Brown • Microchip: Commercial/industrial consumers account for more than half of all lighting sockets, and they tend to recognize more readily than residential consumers that higher up-front costs can be offset by medium-to-long-term energy savings and reduced maintenance costs. Features such as predictive failure and maintenance, light harvesting (ambient light compensation), remote communications and control, and occupancy recognition are just some of the advanced capabilities that can make intelligent lighting attractive.

Caroff • Siemens: A good example of a product designed for energy efficiency standards is the Siemens three-phase induction motors featuring die-cast copper rotors. These motors offer efficiencies one to three bands higher than the EISA government-mandated efficiencies and are available from 1 to 20 hp.

Spaziani • IR: One challenge is to reduce power losses for every voltage converter on a motherboard. We take a three-fold approach, focusing on MOSFET efficiency, packaging, and digital control. Servers are primarily 12-V systems and, as such, can utilize MOSFETS in switching dc/dc converters that are rated at 25 V maximum.

Servers often have two to four CPUs, four to eight memory banks, and upwards of 20 individual dc/dc POL converters on every motherboard. They take up a significant amount of space and need to continually become more efficient. By co-packaging MOSFETs with ICs for control or gate drive and utilizing copper clips to connect the high current paths, we’ve reduced parasitic losses in the packaging to effectively zero. This improves efficiency, reduces heat, and shrinks size.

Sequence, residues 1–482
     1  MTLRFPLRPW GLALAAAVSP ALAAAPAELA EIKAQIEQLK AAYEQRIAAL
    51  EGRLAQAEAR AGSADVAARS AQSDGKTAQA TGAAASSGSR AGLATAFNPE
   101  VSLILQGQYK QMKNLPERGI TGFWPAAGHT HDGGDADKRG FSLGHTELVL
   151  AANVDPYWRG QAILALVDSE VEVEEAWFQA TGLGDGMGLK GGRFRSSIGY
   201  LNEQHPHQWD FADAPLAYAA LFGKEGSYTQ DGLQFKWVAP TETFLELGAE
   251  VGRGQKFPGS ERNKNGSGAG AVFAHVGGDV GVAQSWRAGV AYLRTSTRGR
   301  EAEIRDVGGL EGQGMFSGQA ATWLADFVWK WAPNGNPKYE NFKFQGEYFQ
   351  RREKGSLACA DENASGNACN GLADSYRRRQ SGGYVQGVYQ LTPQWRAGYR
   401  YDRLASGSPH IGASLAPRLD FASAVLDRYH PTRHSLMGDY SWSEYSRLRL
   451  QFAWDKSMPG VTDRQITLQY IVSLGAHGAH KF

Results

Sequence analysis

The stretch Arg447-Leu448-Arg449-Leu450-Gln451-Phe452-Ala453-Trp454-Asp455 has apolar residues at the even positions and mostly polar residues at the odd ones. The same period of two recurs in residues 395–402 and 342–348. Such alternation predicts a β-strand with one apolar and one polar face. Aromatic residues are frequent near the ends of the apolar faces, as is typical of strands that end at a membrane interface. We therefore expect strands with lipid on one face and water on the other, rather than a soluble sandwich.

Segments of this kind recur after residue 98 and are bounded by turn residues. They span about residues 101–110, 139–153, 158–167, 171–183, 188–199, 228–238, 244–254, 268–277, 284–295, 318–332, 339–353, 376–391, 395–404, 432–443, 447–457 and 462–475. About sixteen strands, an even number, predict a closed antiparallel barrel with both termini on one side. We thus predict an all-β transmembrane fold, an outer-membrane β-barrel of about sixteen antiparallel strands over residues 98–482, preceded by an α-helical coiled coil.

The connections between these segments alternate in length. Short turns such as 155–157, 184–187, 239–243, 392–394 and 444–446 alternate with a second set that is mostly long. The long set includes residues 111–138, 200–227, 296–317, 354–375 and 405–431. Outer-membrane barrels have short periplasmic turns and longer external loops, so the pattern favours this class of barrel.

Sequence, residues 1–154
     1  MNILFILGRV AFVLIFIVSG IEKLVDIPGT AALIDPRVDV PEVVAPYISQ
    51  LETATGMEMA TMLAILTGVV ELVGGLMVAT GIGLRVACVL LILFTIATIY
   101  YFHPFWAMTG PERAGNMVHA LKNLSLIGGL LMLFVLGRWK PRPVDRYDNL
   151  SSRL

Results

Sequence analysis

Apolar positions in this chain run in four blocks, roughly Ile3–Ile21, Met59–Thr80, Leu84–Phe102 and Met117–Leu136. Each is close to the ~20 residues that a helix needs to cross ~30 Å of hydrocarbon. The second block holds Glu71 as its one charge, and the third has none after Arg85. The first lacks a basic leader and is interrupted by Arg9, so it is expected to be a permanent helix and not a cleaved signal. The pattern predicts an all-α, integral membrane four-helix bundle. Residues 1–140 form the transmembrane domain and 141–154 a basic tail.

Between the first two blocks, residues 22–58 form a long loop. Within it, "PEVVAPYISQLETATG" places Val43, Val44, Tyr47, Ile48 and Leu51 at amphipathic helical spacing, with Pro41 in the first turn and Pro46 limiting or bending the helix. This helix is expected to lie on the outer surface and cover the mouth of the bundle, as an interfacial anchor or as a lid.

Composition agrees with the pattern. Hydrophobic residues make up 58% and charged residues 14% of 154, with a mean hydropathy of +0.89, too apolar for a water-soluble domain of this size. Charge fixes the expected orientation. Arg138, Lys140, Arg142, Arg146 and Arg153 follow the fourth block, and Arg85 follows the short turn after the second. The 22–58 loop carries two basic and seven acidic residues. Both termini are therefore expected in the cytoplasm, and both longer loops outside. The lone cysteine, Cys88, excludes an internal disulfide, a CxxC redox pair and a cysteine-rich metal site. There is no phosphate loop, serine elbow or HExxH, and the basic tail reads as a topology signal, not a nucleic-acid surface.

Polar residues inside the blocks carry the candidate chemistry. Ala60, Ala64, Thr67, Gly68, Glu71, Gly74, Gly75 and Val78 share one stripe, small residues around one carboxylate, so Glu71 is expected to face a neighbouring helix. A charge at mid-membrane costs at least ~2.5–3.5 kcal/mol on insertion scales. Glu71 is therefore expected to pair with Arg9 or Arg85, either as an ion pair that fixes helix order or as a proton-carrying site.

What is the Holy Grail of energy efficiency for your component designs?

Keong • Avago: We’re working on new packages for systems to be able to sustain even higher working voltage for higher power with less loss. The challenge is to provide this high voltage insulation in an even more compact and slim form factor. Operation at a lower supply voltage and improved power efficiency will continue to be requirements for optocouplers.